Anonymous asked in Education & ReferencePreschool · 1 decade ago

Needed Early Childhood Teachers! Or anyone that enjoys sharing experiences!?

Appreciating childhood as a unique and valuable stage of the human life cycle.

Can you share some supportive evidence to verify how you might be commited to this above value. Reflect on your background, previous exeriences, learnings, etc. to show how you personally are connected to this core value.

Thank you so much for your help and input

2 Answers

  • 1 decade ago
    Favorite Answer

    Ok, this may or may not be relevant- it's my 'Personal Philosophy'- most of the references are Australian:

    I believe that the first years of a child’s life are vital to their development and overall wellbeing. This is based on current brain research, which states that nuclei in certain areas of the brain are particularly vulnerable during the first three years of life, and this is a time when learning is the easiest. (Joseph 1990, cited in Rolfe, 2000, p8) In the NSW Curriculum Framework, Stonehouse and Duffie (2001, p51), state “early learning is particularly significant as it lays the foundation for all learning… the first five years is therefore a time of great vulnerability and special significance.” The AECA Code of Ethics (1990) also holds the view that early childhood is a unique and valuable stage of life, and that each stage of development within early childhood is valuable in its own right. Therefore I will ensure that the child is stimulated and supported in all areas of development at all times, particularly during the first years of their lives. This can be done by engaging in positive interactions frequently, and by providing a stimulating environment. I will also ensure that routine times become opportunities for positive interaction to occur.

    I believe that children learn through play. This is based on Stonehouse and Duffie (2001, p44), who state that “play is a wonderful medium for children to explore their world, engage in relationships, develop in every dimension of their being, express feelings, and nurture a sense of their own unique being.” Principle 3.3 of the QIAS (NCAC, 2005), ‘The program supports each child to be a successful learner’, states that the program should value the importance of play as a learning opportunity. The AECA Code of Ethics (1990) also holds the belief that the child’s right to play needs to be honoured “in acknowledgment of the major contribution of play to development.” Therefore I will allow sufficient periods of time to allow children to play, and to allow this play to develop. I will ensure that the timetable is flexible, to allow play to be uninterrupted.

    I believe that children learn through interaction with adults, peers and the environment. This is based on Stonehouse and Duffie (2001, p21) who state that “it is through relationships and interactions that human beings learn who they are and to value themselves.” Principle 1.1 of the QIAS (NCAC, 2005), ‘Staff interact with children in a warm friendly way’, states that “it is through relationships and interactions that human beings learn who they are and to value themselves.” The physical environment is often described as “the third teacher,” in Mallaguzzi’s Reggio Emilia approach (cited in Gilbert and Parletta, 2004, p77). This definition emphasises its importance to child development. Current brain research states that interactions are highly important to development and learning, because “human connections shape the neural connections from which the mind emerges” (Siegel, 1999, cited in Black and Puckett, 2005, p202). Also stated is that enriched and mentally stimulating environments increase brain development, thus enhancing development in all areas (Black and Puckett, 2005, p204). Therefore I will ensure that I provide a stimulating environment, and provide opportunities for interaction throughout the day. The opportunities for interaction can occur through the provision of shared experiences, and through making the most of routine times. Source(s) Australian Early Childhood Association, (1990), Code of Ethics, Australia: Early Childhood Australia Inc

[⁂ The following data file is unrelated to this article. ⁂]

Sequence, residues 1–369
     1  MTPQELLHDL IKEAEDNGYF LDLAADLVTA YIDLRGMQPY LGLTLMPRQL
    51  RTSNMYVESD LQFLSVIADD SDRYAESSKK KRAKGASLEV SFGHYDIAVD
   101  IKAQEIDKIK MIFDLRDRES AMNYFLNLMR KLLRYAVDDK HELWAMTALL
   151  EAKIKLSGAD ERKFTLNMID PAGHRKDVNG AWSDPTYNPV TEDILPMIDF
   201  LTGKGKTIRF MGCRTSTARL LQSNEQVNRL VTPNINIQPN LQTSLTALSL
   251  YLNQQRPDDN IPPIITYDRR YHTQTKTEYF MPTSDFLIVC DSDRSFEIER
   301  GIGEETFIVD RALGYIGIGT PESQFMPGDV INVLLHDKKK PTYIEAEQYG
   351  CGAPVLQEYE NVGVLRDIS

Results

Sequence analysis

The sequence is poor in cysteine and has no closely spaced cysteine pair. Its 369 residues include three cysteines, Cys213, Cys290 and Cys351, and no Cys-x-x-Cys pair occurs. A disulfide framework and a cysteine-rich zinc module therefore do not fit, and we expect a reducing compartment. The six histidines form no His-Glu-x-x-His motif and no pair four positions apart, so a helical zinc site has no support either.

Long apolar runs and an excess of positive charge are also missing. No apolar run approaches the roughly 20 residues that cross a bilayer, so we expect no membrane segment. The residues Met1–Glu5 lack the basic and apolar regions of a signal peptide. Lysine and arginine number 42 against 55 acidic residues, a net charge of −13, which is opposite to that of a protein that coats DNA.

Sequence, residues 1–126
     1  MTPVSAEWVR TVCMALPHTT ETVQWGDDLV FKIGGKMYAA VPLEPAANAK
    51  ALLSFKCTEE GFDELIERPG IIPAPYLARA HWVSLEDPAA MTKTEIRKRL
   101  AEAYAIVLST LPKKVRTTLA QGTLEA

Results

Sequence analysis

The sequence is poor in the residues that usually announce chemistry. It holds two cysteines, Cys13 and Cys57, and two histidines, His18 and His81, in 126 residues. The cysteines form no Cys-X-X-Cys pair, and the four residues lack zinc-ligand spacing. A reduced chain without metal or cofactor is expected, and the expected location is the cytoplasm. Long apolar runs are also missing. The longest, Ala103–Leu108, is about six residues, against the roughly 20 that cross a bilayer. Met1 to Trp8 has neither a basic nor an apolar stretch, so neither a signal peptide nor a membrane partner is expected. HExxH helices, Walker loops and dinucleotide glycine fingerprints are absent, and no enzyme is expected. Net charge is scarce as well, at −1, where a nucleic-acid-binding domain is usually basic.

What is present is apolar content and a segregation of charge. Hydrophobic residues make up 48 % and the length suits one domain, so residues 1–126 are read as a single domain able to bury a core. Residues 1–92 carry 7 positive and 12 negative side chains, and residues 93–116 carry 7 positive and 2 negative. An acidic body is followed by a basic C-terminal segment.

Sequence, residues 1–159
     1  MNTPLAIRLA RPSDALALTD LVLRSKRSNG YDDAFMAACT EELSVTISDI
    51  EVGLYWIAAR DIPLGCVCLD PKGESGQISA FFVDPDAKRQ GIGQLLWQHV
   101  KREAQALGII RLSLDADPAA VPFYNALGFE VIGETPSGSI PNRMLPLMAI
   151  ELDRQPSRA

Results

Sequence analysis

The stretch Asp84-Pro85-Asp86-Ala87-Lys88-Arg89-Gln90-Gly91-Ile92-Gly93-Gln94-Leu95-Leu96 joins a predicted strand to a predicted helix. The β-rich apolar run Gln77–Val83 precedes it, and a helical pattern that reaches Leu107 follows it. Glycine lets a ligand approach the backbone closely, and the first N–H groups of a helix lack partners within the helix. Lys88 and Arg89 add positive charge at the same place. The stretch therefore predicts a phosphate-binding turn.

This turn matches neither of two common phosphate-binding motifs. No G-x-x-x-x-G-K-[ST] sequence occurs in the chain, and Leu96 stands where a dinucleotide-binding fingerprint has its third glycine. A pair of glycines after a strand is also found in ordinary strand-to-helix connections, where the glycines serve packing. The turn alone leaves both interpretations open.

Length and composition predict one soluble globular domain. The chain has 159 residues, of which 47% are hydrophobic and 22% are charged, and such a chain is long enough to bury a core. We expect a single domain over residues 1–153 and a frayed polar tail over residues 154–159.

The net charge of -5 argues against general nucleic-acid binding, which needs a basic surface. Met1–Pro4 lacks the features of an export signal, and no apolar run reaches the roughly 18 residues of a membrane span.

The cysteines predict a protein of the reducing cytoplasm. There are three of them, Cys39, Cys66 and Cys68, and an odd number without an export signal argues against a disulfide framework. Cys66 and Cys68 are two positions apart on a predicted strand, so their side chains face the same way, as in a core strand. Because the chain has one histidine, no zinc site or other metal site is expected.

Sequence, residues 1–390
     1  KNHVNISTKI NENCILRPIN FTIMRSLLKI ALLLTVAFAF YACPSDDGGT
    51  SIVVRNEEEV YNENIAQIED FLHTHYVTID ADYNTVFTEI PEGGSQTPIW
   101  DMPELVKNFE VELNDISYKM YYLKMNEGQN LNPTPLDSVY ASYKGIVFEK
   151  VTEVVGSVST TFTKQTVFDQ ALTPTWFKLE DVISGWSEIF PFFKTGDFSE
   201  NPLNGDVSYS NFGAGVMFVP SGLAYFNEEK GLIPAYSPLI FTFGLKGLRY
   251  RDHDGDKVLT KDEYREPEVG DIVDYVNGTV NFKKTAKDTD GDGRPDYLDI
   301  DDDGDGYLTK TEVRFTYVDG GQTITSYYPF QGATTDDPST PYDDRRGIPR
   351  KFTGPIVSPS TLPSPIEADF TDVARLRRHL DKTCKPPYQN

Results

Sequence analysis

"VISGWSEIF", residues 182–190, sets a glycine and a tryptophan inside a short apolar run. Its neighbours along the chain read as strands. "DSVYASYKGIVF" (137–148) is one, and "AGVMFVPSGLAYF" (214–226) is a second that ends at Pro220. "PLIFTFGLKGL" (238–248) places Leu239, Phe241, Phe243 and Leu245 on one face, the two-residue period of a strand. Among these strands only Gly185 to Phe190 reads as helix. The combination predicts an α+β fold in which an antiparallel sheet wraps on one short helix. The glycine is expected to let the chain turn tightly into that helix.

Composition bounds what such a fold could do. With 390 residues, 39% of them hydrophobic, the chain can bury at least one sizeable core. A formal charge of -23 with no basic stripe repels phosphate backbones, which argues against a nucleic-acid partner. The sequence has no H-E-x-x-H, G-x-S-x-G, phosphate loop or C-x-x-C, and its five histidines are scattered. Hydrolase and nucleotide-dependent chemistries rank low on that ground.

Black, J. and Puckett, M., (2005), The Young Child- Development from Prebirth Through Age Eight. 4th Edition, New Jersey: Pearson Merrill Prentice Hall

    Department of Community Services, (2004), NSW Children’s Services Regulations, retrieved: 30th August, 2006 from <

    Gilbert, J., & Parletta, I., (2004), ‘Enhancing cognition and language development’, In E. Dau (Ed.), Enhancing Children’s Development, Croydon: Tertiary Press, pp75- 99

    National Childcare Accreditation Council, (2005), Quality Improvement and Accreditation System Quality Practices Guide Extract, Retrieved: 3rd September, 2006 from <

    Rolfe, S., (2000), Every Child Magazine, Volume 6, Issue No. 1, Autumn 2000, pp.7-9

    Stonehouse, A., & Duffie, J., (2001), The NSW Curriculum Framework for Children’s Services- The practice of relationships- Essential Provisions for Children’s Services, NSW: Department of Community Services,

    United Nations Convention on the Rights of the Child, (1990), retrieved 31st August, 2006 from <

  • 1 decade ago

    Imagination, creativity are encouraged in childhood and help develop the cognitive thinking part of the brain. Children also learn valuable social lessons on sharing, waiting their turn and learning to get along. Innocence, in my opinion, is the one attribute we as adults, guardians and parents must safeguard for them so that they feel protected, safe and loved.

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